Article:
Long story short, it didn’t take long for us to figure out he would do just fine if he held on tight – and that he could end up ahead if he retired early. Not only were the fees on his 401(k) lower than average, but the funds were healthy and profitable. Since his money would need to sit tight in this account for quite a while, those factors were important.
Beyond that, the fact that this fellow wanted to retire early meant that accessing his money could be more difficult than he realized. If he retired at age 57 and had his money in an IRA, he would need to file a 72(t) withdrawal to access his funds. That means he would have to fill out some complex paperwork and agree to five somewhat-equal annual payments to get his hands on his money without the typical 10% penalty you incur for withdrawals made before age 59 1/2.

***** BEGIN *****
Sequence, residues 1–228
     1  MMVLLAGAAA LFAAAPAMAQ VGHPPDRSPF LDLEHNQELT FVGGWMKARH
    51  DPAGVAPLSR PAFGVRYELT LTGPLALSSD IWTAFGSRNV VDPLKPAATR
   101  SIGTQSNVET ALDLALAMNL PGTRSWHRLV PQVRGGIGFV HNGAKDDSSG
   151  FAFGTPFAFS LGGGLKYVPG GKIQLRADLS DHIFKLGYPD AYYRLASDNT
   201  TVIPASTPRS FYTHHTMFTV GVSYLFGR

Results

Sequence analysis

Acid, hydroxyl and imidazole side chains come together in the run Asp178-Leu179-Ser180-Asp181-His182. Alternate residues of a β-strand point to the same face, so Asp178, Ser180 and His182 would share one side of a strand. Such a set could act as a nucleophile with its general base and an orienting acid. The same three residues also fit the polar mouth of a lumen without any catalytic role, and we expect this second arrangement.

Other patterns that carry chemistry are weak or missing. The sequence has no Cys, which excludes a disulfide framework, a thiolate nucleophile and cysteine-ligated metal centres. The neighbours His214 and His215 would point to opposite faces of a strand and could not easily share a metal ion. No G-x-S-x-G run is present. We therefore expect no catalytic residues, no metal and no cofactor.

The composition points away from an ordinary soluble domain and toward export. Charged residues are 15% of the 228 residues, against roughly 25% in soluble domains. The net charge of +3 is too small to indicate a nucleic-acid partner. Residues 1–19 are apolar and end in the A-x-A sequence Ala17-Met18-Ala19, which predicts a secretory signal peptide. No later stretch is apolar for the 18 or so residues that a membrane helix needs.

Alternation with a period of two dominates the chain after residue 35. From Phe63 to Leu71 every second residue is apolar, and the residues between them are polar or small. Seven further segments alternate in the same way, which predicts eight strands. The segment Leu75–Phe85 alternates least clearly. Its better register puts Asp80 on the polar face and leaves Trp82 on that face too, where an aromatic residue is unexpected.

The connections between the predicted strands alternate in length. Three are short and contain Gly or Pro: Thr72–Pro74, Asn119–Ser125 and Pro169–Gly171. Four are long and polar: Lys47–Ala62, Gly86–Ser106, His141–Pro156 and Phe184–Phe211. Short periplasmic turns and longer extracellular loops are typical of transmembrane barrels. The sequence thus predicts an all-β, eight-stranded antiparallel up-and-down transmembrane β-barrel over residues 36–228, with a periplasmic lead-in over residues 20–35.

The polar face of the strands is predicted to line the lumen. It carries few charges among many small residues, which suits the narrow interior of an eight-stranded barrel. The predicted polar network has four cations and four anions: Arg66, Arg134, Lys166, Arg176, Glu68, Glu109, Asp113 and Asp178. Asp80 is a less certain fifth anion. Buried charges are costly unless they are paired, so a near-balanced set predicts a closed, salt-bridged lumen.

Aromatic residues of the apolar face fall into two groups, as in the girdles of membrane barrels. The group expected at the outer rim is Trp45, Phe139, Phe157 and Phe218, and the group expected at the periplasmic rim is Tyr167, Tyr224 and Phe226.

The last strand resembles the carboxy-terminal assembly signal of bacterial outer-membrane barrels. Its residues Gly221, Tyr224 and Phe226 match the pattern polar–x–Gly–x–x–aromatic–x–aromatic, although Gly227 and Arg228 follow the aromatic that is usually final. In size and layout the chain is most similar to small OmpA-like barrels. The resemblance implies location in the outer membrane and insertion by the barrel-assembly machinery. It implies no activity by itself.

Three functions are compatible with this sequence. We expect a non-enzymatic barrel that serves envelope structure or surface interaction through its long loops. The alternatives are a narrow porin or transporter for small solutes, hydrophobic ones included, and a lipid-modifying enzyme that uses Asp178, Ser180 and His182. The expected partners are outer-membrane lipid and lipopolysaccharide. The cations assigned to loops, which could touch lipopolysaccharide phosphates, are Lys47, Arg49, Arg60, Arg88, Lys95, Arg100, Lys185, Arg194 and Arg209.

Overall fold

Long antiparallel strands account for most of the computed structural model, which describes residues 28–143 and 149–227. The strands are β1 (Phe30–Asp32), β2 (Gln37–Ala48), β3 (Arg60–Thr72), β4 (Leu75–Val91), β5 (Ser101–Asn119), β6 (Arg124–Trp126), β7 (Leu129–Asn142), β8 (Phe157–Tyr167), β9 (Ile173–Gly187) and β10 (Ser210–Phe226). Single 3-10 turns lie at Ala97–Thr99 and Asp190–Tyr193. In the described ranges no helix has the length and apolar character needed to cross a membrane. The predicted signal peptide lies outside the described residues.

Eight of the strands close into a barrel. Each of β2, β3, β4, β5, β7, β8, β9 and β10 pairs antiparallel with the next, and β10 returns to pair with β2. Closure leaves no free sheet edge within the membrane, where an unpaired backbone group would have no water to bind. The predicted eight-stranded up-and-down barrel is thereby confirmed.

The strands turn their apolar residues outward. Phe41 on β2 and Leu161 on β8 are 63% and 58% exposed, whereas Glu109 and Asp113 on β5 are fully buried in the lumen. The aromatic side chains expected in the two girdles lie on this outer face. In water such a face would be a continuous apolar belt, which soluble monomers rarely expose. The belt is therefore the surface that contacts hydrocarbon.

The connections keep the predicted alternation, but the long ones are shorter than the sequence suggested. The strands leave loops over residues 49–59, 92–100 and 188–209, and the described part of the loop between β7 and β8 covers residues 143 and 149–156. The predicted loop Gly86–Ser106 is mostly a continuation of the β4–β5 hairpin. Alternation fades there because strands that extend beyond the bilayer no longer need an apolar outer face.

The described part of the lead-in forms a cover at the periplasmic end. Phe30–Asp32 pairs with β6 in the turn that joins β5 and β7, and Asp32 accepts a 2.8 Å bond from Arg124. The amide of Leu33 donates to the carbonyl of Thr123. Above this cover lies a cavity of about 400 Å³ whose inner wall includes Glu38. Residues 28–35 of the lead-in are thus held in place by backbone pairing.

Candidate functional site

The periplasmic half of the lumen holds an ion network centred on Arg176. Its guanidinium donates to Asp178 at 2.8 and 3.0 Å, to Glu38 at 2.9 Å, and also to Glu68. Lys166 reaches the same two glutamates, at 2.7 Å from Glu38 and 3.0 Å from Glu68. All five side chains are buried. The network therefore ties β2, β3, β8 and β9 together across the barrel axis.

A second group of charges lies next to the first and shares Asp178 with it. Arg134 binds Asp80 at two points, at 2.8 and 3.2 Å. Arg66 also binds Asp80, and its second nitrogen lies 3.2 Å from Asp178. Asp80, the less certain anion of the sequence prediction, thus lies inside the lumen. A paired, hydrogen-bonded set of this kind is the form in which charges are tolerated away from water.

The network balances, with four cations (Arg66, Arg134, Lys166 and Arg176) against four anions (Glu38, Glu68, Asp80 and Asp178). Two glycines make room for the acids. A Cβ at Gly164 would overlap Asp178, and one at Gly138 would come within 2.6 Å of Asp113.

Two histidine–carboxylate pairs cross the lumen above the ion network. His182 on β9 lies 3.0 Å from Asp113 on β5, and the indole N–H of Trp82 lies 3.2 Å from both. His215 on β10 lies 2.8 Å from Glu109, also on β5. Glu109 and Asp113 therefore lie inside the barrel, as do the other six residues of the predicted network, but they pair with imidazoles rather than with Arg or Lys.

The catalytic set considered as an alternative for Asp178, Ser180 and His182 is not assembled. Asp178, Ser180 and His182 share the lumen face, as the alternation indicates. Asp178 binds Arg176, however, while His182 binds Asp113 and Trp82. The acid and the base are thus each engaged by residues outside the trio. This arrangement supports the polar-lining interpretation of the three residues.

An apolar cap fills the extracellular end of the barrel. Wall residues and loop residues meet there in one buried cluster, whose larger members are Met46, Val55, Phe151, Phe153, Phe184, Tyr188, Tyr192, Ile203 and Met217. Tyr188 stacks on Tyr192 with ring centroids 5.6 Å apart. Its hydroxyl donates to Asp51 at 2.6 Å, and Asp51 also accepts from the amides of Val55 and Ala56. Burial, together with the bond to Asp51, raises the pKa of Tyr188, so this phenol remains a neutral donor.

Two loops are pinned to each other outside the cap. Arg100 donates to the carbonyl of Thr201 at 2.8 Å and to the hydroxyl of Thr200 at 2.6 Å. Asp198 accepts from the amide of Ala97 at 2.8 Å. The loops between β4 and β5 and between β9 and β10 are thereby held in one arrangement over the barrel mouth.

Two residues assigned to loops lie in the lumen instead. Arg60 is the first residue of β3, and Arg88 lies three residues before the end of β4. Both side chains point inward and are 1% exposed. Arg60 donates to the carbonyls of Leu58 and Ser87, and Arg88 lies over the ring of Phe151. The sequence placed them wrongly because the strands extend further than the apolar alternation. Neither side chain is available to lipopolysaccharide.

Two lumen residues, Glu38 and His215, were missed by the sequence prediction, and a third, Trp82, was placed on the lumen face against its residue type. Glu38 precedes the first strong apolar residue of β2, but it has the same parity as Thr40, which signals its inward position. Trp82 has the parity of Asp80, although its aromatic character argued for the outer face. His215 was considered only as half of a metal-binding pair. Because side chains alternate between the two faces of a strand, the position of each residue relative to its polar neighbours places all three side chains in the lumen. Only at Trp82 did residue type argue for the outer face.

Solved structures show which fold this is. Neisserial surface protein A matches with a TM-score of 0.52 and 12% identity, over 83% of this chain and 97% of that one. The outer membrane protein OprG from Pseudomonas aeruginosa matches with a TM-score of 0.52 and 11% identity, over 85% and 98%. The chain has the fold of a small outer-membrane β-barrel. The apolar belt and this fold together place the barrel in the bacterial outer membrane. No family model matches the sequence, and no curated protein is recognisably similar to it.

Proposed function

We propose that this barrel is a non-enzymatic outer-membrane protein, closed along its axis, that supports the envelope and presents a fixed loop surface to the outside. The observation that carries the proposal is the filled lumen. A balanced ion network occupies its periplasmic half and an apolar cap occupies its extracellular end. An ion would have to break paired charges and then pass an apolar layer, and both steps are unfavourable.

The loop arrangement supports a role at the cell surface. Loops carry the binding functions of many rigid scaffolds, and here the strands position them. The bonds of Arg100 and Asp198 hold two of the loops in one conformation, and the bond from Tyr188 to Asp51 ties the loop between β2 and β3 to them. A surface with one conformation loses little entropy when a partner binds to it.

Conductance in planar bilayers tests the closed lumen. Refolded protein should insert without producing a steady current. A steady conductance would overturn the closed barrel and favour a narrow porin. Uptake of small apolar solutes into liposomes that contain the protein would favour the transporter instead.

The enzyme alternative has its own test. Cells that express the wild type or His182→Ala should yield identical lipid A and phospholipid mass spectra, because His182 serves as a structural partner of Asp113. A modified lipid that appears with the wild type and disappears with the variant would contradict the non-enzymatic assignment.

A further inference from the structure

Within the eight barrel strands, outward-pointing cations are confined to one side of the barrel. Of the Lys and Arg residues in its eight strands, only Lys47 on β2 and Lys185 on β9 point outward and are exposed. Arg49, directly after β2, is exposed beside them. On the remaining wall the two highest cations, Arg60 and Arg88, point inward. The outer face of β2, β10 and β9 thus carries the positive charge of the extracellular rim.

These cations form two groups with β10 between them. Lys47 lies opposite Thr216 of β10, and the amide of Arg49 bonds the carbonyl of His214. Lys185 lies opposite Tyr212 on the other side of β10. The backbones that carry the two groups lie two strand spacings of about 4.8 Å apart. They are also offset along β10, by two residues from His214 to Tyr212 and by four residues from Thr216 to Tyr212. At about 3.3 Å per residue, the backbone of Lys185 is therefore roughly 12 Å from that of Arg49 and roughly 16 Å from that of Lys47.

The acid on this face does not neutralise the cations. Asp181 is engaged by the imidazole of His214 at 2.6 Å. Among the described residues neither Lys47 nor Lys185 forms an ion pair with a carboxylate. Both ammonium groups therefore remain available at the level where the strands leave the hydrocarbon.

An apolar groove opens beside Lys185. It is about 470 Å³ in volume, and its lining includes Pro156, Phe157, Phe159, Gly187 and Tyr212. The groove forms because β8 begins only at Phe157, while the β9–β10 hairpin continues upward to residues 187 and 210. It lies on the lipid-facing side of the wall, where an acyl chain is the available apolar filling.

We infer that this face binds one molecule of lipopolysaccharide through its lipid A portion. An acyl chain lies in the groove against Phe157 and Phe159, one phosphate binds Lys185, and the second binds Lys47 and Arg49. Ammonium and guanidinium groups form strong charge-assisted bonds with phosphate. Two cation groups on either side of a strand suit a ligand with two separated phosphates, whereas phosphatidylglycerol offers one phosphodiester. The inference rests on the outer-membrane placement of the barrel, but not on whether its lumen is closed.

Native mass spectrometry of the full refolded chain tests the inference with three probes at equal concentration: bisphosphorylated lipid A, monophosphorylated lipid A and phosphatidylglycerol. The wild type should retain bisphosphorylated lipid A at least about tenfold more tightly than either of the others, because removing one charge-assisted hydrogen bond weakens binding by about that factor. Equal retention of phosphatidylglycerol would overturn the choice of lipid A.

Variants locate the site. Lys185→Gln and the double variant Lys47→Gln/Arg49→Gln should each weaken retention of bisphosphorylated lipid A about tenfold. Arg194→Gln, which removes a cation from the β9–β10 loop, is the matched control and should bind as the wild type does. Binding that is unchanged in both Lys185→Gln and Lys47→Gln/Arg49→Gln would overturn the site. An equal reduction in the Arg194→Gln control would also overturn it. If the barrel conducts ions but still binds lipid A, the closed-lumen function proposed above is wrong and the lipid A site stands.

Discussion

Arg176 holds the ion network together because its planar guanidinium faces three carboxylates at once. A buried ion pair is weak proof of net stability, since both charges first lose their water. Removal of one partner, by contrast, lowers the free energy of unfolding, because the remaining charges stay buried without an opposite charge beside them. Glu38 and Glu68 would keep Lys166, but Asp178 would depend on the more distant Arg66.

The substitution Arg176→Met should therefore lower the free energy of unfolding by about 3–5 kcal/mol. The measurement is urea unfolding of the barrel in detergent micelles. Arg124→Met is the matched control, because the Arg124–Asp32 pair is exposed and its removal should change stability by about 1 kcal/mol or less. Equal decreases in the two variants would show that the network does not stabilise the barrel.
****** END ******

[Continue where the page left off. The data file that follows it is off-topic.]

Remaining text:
If still had his funds in his 401(k), on the other hand, he could access the money as if he was traditional early retirement age (59 ½) provided he left his company and quit using the 401(k) plan after age 55.
#2: Your 401(k) plan has especially low fees.
While many employer-sponsored 401(k) plans are abysmal in terms of both their investment options and fees, there are plenty of exceptions. Personally, I’ve seen plenty of 401(k) plans that offer some pretty awesome funds with some of the lowest fees in the business!
If you’re lucky enough to have money in a reputable 401(k) plan with fees that are far below average, you would be crazy to roll that money into a new IRA that could cost more or put you into investment options that are less than optimal.